AZ Game & Fish
The Kanab Ambersnail is dependent upon wetland vegetation for food and shelter. It is often found in association with monkeyflower, watercress, sedges and rushes. This species of land snail feeds on plant tissue, bacteria, fungi and algae. It scrapes this food off of plants by means of a radula or rasp tongue.
Kanab Ambersnails are hermaphroditic, meaning they possess both male and female reproductive parts. They are capable of self-fertilizing if other snails aren't around for mating. These snails have an annual life cycle, living 12-15 months, with reproduction occurring in the summer months. Baby snails measure about 1/10th of an inch long when they emerge from the gelatinous egg masses. They will grow to be 1 inch long upon maturity. During the winter, ambersnails recede into their shells and become dormant until environmental conditions prompt them to emerge again in the spring. Many die over the winter from cold temperatures.
Since the construction of the Glen Canyon Dam upriver from Grand Canyon National Park, Colorado River flows have been controlled by the Bureau of Reclamation. These flows have averaged around 18,000 cfs, much lower than natural, pre-dam spring runoff flows of over 100,000 cfs. In the absence of the pre-dam, beach-scouring high flows, the Kanab Ambersnail's habitat at Vasey's Paradise expanded down to the Colorado River's edge. This more stable environment allowed the snail population to prosper until recent management strategies changed. Experimental dam releases of 45,000 cfs have been allowed in an attempt to build downriver beaches. During these high experimental flows, Kanab Ambersnail individuals and their habitat get washed away downstream.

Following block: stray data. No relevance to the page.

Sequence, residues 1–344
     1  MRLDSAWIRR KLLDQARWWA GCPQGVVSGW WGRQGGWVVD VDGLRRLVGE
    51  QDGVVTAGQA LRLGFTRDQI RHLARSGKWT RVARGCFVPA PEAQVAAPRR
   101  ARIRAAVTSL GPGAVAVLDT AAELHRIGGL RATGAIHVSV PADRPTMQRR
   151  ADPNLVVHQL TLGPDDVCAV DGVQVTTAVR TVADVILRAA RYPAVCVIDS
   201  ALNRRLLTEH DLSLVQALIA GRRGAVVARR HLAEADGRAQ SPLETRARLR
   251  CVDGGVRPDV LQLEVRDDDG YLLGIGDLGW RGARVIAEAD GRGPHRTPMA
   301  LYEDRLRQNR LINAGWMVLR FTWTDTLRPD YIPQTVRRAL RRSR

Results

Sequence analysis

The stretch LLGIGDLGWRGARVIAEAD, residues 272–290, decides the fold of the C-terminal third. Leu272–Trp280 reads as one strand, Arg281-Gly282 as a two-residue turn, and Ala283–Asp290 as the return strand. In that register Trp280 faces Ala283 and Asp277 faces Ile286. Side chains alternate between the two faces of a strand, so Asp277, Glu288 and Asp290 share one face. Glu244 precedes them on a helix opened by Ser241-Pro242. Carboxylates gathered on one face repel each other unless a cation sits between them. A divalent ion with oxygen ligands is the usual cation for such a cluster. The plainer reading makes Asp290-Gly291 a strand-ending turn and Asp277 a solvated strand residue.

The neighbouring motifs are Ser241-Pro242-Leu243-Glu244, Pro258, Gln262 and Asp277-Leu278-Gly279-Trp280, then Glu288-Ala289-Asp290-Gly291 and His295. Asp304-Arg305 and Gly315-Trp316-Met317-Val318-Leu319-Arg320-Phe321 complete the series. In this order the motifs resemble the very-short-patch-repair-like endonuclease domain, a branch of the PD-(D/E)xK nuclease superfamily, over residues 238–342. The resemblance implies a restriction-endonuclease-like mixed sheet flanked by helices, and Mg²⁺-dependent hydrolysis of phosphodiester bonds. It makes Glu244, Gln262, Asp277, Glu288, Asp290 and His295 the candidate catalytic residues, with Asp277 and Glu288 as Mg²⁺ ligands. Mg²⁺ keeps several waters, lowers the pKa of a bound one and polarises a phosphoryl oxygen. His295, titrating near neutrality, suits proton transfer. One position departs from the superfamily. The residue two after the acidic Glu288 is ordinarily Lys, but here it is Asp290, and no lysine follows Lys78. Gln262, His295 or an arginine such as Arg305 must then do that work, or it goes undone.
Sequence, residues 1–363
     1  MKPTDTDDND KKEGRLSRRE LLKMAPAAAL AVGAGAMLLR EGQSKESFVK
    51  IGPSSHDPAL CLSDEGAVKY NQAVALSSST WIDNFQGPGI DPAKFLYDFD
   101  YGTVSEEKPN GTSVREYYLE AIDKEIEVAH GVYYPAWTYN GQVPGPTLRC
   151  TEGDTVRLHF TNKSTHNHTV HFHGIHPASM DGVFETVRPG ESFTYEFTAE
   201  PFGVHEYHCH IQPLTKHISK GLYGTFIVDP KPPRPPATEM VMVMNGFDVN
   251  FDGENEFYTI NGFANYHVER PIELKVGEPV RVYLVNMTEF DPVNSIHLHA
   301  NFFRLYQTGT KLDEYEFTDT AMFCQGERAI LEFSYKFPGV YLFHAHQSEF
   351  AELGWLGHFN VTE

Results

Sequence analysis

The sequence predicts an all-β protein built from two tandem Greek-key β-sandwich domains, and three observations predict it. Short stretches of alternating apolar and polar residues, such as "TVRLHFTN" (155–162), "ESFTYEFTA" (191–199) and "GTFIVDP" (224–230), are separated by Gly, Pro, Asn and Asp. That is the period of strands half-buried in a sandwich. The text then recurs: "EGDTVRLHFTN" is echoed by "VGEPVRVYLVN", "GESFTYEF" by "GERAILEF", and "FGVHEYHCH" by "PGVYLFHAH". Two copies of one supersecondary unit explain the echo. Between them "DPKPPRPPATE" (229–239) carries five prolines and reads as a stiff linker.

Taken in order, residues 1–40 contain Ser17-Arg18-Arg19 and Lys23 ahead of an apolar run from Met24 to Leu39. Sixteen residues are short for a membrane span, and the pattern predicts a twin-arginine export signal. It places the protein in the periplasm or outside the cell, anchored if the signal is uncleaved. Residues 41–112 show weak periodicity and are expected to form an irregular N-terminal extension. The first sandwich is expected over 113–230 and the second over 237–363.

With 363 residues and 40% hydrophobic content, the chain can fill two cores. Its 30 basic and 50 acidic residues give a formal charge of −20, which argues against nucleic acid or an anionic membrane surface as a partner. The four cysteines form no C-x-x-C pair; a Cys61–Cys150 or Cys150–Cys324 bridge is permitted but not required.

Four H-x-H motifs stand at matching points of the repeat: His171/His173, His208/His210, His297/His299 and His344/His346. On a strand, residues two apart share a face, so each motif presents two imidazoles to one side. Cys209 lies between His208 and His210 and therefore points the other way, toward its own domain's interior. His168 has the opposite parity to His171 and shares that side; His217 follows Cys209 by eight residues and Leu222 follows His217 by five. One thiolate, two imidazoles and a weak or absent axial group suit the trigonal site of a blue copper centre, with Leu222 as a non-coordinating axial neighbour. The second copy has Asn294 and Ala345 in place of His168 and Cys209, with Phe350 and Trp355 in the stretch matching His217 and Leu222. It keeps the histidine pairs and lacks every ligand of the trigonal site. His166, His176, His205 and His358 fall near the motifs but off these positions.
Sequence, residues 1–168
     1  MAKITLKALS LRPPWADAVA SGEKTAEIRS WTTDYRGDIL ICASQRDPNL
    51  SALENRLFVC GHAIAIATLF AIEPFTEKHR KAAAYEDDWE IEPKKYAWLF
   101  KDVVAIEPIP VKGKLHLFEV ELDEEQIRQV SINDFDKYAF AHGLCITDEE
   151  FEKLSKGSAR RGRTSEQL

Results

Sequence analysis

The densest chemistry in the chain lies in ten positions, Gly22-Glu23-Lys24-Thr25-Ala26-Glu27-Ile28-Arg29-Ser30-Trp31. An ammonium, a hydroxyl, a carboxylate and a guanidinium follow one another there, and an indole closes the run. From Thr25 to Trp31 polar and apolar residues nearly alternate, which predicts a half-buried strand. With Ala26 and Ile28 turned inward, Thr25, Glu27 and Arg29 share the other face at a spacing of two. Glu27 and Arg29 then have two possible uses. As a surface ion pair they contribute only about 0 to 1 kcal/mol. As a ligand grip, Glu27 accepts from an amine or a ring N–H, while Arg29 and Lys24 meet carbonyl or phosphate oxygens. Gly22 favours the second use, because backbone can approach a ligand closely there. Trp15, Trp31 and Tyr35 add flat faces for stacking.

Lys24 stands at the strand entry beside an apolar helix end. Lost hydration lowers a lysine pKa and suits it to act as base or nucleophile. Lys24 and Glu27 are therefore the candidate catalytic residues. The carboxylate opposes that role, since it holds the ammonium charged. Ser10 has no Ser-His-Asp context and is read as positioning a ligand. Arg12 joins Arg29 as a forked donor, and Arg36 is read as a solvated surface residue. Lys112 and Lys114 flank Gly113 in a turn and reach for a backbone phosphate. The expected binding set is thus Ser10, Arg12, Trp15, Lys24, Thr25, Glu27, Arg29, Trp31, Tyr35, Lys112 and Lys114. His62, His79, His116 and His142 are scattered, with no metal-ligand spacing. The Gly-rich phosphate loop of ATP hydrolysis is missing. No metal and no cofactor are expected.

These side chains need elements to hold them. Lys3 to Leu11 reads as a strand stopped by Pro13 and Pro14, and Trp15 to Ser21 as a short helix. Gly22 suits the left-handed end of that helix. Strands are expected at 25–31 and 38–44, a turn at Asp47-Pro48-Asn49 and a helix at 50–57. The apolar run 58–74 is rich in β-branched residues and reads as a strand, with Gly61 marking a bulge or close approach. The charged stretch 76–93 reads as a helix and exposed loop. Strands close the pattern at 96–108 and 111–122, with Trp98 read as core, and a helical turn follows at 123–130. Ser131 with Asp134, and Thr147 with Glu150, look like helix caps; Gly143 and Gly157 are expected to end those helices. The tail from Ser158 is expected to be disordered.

In order to protect this endangered species, the National Park Service and the Arizona Game and Fish Department have teamed up in an attempt to establish new wild populations of Kanab Ambersnails in three additional natural springs along the Colorado River. These sites are located above the historic high water mark, so that the new populations will be protected from the experimental scouring floods.
Did You Know?
The Cambrian seas of the Grand Canyon were home to several kinds of trilobite, whose closest living relative is the modern horsehoe crab. They left their fossil record in the mud of the Bright Angel Shale over 500 million years ago.